"I've always been intrigued by guys who have worked at that level,” Gundy said. "When you work at the levels he has you have to really want to do it. They work the same hours that guys do at this level but for not very much money. You barely get by.
"That's tough. It's not like high school where guys stay in the same place. They have to move around. It's a true test to see if you really want to be a (college) football coach.”
Meacham, who played guard and blocked for Barry Sanders, has a whatever-it-takes work ethic and a dash of daredevil. He grew up in Arlington, Texas. His older brother competed in motocross races.
"My brother didn't play sports like I did,” Meacham said. "He raced motorcycles all the time, so I was around it. When I was a kid, we were jumping ramps, jumping people, jumping crash cans. Even after college I dabbled in it.”
He dabbled so much he broke his shoulder when he was age 30, while coaching at Henderson State.
"I was jumping a triple, a 75-foot jump where you have three hills,” Meacham said. "I landed upside down and broke my collarbone. My 7-year-old jumps everything. He's broken his arm and his leg.”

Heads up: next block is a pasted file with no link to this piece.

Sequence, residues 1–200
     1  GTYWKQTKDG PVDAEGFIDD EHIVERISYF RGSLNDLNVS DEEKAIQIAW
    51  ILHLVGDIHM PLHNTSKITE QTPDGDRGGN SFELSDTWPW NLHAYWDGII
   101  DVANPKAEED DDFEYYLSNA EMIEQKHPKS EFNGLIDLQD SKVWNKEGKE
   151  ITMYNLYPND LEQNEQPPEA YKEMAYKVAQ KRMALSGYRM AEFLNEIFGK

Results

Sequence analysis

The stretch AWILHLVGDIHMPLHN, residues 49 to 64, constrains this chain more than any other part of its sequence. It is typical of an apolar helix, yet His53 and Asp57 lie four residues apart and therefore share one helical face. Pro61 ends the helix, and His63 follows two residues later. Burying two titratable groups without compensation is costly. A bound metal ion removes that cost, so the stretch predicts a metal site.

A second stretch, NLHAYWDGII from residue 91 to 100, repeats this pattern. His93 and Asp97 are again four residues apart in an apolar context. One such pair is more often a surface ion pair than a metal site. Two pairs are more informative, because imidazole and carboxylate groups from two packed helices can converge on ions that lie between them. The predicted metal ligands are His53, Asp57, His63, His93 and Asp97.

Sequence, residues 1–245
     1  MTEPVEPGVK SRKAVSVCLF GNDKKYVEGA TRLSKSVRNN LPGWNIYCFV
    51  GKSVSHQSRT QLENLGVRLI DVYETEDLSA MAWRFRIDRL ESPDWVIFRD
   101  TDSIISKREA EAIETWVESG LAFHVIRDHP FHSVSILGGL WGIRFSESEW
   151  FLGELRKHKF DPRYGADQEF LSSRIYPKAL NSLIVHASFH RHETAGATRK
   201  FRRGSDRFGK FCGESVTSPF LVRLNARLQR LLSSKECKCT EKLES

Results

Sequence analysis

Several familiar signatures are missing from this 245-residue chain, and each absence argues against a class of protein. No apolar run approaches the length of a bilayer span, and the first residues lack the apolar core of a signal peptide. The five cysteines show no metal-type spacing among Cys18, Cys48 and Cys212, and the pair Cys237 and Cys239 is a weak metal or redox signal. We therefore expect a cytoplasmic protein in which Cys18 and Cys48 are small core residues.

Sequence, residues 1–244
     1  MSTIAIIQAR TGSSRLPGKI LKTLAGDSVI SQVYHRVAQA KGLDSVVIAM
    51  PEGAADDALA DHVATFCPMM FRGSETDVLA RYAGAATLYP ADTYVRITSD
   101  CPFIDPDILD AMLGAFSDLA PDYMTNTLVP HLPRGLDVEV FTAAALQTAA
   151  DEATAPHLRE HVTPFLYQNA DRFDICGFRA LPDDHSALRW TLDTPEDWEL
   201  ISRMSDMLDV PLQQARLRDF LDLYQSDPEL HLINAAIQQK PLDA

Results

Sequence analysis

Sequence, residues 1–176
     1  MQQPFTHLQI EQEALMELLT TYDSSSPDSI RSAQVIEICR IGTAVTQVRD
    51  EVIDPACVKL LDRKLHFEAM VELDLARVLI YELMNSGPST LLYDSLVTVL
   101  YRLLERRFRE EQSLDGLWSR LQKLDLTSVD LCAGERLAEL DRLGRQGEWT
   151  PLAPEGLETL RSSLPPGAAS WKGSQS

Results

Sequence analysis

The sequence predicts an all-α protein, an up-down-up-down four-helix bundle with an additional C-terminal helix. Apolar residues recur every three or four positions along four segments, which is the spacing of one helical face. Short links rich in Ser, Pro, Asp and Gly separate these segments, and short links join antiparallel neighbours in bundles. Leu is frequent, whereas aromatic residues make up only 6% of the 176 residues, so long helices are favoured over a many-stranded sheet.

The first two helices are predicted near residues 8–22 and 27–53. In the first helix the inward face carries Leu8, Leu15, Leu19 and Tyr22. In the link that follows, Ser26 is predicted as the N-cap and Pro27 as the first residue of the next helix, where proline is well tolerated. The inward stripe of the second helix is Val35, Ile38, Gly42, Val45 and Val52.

Nearly 20 years ago, Meacham coined the phrase "War Pigs,” a term that became widely known the following year when Sanders won the Heisman Trophy after Meacham graduated.
"It wasn't out there, yet,” Meacham said. "The next year they came out with that label. But technically I came up with it. I even have a picture of the Sun Bowl. You can see ‘War Pigs' written on my towel. I got no credit, but that's OK.”
That's also a good way to describe Meacham. He doesn't care who receives credit as long as the offense continues to rank among the national leaders.
"One of my lifetime goals is to be a coordinator at the Division I level,” Meacham said. "If I ever got that opportunity here that would be exciting. But whatever the decision is, I'll live with it and do the best job I can, march on and keep going.”